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The only thing that is not real on the mannequin is the Thompson SMG and the smoke grenade. All the other items are real. The 43 pants are the early style with the twill tape, and not the folded over reinforcing canvas leg ties. THanks for the great comments. Paul

 

Paul,

I didn't realize that there were early and late rigger M43 pants. I thought the differing materials on the leg ties had to do with different divisions.

 

M43 pants have been on my want list, but I haven't seen a pair for sale that I was comfortable with. Congratulations on finding a pair!

 

---Chris

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  • 11 months later...

Where has this tread been all my life!! my goodness ! :love: :love: :love: :love: :love:

 

Baker I would like to here about that helmet! real deal?

 

thanks!

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I have seen Pauls (Baker502) manequin display here in person and it is amazing took him a while with a lot of patience to get all the real stuff. The pants are the real deal and what a score.....I remember when he called me excited he had got them. Great job Paul......I have nothing but envy..... w00t.gif

David

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Justin,

I have no reason to believe anything other than good on the helmet. It is not a D-bail but a fixed bail with para straps. I know there has been great debate over the use of thse helmets. It originated in Holland and was purchased from a person who, and I quote " I wish I would have never sold that helmet, if you ever get rid of it sell it back to me" It is a 1st battalion 502nd helmet, and it screams real. Paul

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Just a quick one guys, is it accurate enough to have mostly khaki wegear on a market garden era trooper, or should it be a bit, or mostly OD? I know as the war went on, alot of troopers wanted the new stuff which was the darker OD shade, but is it accurate to see all khaki?

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Yes you will see both used and most of the time used together as the GI's weren't too fashion concered as most reenactors are now a days. How do I know this as I am one of those reenactors.... lmao

David

DSCF1485.jpg

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When marshalling for a major airborne op like Normandy, Holland or Varsity, a major effort was made to ensure all equipment, including LBE and personal items were fully servicable. In general, a majority of web items were purpose-issued NEW AND not signed for by the individual troops. The majority of M42 jump suits used in Normandy were combat-servicable garments, previous issued/used, turned in, and then inspected and repaired as necessary eithere within the Divisions or at a supporting depot. And, for D-Day, they were sprayed with the chemical protective goo. THEN they were issued.

 

Conversely, AFTER each such major op, the airborne troops turned in virtually everything they wore, and once showered, shaved and hair-cut, they got in line for a fresh issue -- underwear, sox, wool shirt, trous, belt, overseas cap, basic rank and unit insignia. If returning to the cantonment area they left from, their A and B Bags were (in theory) waiting for them, containing their "better dress' M42s, jump boots, etc. If going to a new home, teh bags (in theory) were brought forward to them.

 

It was in this situation that the 82nd and 101st, back in the UK, received the M1943 family of uniforms and gear. They were the first ETO Divs to receive it (in Italy/MTO, the M43 stuff was issued to the 3rd ID and various attached units in Jan 1944). The 17th Abn Div was issued M43 gear when leaving the ZI and arrived in the ETO fully-M43.

 

The mixture of tan, green and two-tone LBE and web gear was not organized "on color lines". Much LBE you see in pix is pretty surely CS stuff, issued again and again until un-usable. Only when dressing up for parades would anyone at the unit level CARE about various colors being mixed. And, at the point of manufacture, the contractors used whatever color of pieces and components were handy, and that could change from day to day. The tan pieces were just fine as long as they lasted.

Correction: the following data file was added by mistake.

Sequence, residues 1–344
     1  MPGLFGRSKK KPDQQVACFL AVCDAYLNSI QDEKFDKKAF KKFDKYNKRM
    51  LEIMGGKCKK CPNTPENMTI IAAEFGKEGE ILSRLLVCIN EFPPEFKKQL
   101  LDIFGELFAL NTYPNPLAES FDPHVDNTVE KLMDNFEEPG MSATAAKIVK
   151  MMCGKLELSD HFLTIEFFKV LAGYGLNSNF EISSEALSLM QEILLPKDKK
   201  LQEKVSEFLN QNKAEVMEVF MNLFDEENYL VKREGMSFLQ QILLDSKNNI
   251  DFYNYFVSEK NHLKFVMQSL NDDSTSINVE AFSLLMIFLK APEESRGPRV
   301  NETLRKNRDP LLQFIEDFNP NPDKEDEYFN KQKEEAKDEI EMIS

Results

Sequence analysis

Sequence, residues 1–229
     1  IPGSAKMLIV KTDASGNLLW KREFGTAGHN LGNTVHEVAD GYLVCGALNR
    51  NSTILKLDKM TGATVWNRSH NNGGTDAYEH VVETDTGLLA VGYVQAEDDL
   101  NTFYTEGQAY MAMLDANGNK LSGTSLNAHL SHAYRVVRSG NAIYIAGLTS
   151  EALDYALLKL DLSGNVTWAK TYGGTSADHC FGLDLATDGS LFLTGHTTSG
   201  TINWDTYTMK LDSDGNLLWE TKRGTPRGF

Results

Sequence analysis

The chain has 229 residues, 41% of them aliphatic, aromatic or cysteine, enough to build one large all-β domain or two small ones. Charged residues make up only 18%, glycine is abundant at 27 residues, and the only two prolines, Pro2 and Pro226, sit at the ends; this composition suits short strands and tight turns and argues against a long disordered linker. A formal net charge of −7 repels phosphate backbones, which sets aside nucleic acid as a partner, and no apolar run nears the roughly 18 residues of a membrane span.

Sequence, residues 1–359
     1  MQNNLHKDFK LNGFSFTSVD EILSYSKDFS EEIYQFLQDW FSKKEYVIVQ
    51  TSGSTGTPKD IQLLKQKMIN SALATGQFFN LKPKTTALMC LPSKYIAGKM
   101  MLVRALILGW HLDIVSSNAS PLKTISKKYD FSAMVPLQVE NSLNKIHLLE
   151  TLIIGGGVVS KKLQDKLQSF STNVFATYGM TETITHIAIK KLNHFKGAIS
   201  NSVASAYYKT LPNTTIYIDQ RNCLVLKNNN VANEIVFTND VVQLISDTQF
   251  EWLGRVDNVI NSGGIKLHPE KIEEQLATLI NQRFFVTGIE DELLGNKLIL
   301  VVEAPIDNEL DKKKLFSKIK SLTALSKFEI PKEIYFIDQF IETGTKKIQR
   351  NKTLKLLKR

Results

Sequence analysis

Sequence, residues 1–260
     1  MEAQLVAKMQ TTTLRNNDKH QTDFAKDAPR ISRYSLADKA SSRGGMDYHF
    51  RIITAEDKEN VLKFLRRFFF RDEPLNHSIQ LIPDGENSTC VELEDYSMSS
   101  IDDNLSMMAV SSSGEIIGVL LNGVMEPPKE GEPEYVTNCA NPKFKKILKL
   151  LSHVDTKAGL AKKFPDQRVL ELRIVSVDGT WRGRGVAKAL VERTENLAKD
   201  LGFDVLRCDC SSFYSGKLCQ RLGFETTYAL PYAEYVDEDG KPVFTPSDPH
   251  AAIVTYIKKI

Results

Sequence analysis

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  • 1 year later...
post-933-1179320381.jpg

Here is a shot of the trousers. I know, the first thing you're going to say, 'ooh, the pocket flaps are not slanted...'.

 

Maybe upsetting for purely W.W.2 collectors, but rest assured that some of us would LOVE a pair of those trousers in our collections. It's far from being the first time that a pair has been bought as 'W.W.2 period' either, two of the last three pairs I've heard of being for sale were sold/bought as such, unfortunately with a price-tag to match. If I recall correctly there was a discussion of this pattern and it's varients on here somewhere. So I'd say don't be down-hearted, you still have something pretty darn rare and unique!

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why is the M-3 knife hanging from the musett bag strap? In real life I doubt they would have down this, as during combat situations they would have dropped their packs? Just my observations Paul

Hello Paul,

 

This manner of the knife attaching may seem to be strange none the less it is very popular in armed forces, mainly today, but not only. See below at US WWII para (Southern France invasion) who has his M3 attached upside down.

 

Best regards

 

Greg

post-75-1259234359.jpg

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Hi Horus, thanks for adding your post to the site, there's not one person on here that can say they have never made a mistake with something they bought, or displayed, or misidentified.

 

So withdraw, regroup and re-attack, come back stronger.

 

Cheers ( Lewis )

Very well written. Ken wrote it like experienced wise guru. The M1943 parachutist trousers, as a non-standard element, are not documented as good as M1942 ones. Long awaited "Orange is the Color of the Day" book will verify soon not a few "Market Garden displays".

 

Best regards

 

Greg

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This thread needs more posts! Was just moving some stuff around today in my spare room and thought i'd throw this together. Forgot a few things, binoculars, map case, some camo chute, but i was in a rush. Everything is real bar the trousers and boots, brassard, and the helmet.

Things of note.

M43 Jacket is ID'd to a 501st trooper

Parachute garrison cap is ID'd to a PFC 502ndman, KIA in sept 44

Pistol holster is Id'd to 'Stan' :P

Compass pouch was found in Belgium

Flag brassard is from the holland scenes in Band of Brothers

Enjoy

post-3398-1259562916.jpg

 

post-3398-1259562928.jpg